Ash Wednesday, Lent, and why I’ll have dirt on my forehead tomorrow =)

As I said in my previous post, tomorrow is Ash Wednesday, which marks the beginning of Lent. You may have noticed Catholic friends on Facebook or Twitter puzzling out what they want to “give up” for Lent, or reminding themselves to receive ashes at church tomorrow. Actually, you may even have noticed your friends list noticeably decreasing, which probably means you have some friends giving up Facebook for Lent 😛 But what is Lent, and why do we do this stuff?

Lent is the liturgical season in the Catholic Church that is penitential in character and serves to prepare the faithful for they mysteries of Holy Week, which culminate in the memorial of Jesus’s suffering and death on the Cross for everyone’s sins (Good Friday) and his resurrection on Easter Sunday, which offers us the promise of everlasting life with him. Lent is a time for personal reflection on our relationship with God, especially on our sinfulness, in which we willingly choose to distance ourselves from God. It is a time for reconciliation to God, especially via the Sacrament of Confession, which in turn leads to a renewal in our spiritual lives. Lent is traditionally lived out in practical ways by taking on practices of prayer, fasting, and almsgiving or charity.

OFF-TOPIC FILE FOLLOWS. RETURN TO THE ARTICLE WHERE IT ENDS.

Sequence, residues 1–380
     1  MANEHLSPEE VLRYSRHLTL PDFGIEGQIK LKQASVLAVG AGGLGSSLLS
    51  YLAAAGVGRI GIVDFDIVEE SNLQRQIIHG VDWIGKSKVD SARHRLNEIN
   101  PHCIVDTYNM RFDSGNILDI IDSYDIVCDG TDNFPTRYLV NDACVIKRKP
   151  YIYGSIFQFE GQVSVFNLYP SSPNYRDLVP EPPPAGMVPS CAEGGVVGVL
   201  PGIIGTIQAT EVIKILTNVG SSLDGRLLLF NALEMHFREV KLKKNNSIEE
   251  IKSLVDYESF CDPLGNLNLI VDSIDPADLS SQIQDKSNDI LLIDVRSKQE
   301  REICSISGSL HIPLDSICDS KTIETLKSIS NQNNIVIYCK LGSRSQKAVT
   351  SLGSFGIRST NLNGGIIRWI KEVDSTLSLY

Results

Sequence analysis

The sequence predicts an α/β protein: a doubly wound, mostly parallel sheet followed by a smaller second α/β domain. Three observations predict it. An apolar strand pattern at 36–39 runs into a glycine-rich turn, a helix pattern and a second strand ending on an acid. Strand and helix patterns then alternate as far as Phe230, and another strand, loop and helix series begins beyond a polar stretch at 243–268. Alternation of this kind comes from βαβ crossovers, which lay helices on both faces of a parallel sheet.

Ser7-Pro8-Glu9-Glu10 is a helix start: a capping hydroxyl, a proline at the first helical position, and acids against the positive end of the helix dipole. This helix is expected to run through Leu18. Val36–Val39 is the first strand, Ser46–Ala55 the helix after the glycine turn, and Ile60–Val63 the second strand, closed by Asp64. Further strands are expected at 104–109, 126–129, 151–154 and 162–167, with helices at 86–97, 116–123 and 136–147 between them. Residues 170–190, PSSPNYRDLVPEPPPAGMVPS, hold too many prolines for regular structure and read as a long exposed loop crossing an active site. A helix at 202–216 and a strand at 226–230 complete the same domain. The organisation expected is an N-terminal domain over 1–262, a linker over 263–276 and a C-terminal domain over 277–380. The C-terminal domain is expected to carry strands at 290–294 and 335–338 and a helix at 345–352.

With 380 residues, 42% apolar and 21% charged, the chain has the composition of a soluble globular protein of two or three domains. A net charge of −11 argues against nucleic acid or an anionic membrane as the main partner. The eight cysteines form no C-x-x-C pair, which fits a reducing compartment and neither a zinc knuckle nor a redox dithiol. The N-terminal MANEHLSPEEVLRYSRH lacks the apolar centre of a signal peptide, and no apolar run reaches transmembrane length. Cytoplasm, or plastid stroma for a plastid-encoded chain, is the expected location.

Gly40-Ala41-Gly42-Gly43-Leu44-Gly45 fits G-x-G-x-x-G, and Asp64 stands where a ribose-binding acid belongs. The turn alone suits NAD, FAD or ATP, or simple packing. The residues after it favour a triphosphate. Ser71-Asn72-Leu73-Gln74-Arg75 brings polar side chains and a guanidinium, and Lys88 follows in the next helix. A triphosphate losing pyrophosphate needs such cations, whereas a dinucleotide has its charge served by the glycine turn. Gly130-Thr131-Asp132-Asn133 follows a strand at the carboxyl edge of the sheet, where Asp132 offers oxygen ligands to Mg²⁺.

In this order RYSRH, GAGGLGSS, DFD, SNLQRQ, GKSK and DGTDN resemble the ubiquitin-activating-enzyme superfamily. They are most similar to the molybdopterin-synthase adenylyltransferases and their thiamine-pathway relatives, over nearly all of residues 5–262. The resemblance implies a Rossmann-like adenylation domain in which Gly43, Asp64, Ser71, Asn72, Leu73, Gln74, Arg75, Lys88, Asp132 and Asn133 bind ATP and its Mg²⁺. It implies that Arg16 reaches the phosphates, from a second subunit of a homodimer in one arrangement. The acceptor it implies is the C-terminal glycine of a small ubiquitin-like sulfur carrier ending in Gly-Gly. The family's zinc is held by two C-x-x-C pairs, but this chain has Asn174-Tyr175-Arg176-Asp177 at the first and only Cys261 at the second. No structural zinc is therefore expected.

If you’ve looked around the Catholic blogosphere, you’ve probably already found a lot of articles written on Ash Wednesday and Lent, so instead of elaborating on my own, I’ll share a few good links here for you to check out: – This is a post from the blog Aggie Catholics which shares 5 simple ways to share the Catholic faith tomorrow. – This post on the social network Ignitum Today reminds us not to allow ourselves to wallow in the misery of our sinfulness, but rather to reach out and accept the mercy, forgiveness, and healing that God continually offers us, so that we can live our lives in true joy. – On Father Z’s blog, he reminds us of the practical definitions and requirements of the Church in regards to fasting (Ash Wednesday and Good Friday) and abstinence from meat (Ash Wednesday and all Fridays of Lent). – Deacon Keith Fournier gives a detailed explanation of Lent: what the season is and why we do what we do. – Mark Hart offers the explanation of why I’m gonna have dirt on my forehead tomorrow 🙂

In my next post, I’ll offer a few tips and tricks of my own regarding Lent, and perhaps share a couple of my own personal practices that I’ve chosen for this year.